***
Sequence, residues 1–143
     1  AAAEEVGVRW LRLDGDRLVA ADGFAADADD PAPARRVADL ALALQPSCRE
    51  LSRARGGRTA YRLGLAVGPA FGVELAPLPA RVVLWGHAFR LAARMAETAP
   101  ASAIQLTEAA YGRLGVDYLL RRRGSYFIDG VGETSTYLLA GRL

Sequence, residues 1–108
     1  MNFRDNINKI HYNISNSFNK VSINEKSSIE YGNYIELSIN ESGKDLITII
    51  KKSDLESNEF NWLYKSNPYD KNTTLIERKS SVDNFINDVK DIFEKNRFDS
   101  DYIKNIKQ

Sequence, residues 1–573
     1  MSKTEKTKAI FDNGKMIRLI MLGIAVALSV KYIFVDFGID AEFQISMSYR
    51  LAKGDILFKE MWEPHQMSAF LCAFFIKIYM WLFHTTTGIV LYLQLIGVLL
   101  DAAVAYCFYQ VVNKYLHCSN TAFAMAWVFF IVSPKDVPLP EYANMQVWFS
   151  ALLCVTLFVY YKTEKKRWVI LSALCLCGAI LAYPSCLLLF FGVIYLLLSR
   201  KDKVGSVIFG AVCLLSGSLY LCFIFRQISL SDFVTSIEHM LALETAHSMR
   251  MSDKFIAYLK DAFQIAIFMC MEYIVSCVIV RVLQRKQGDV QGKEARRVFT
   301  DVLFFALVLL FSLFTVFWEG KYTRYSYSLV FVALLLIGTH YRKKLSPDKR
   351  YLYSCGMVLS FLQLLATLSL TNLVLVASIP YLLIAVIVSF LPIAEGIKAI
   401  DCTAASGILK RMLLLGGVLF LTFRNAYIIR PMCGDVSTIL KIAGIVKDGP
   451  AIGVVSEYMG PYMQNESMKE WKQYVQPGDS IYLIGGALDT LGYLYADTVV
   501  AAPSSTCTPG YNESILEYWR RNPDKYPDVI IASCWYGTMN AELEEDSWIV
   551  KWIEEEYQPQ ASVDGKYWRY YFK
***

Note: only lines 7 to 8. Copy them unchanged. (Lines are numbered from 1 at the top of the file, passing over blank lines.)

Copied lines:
    51  KKSDLESNEF NWLYKSNPYD KNTTLIERKS SVDNFINDVK DIFEKNRFDS
   101  DYIKNIKQ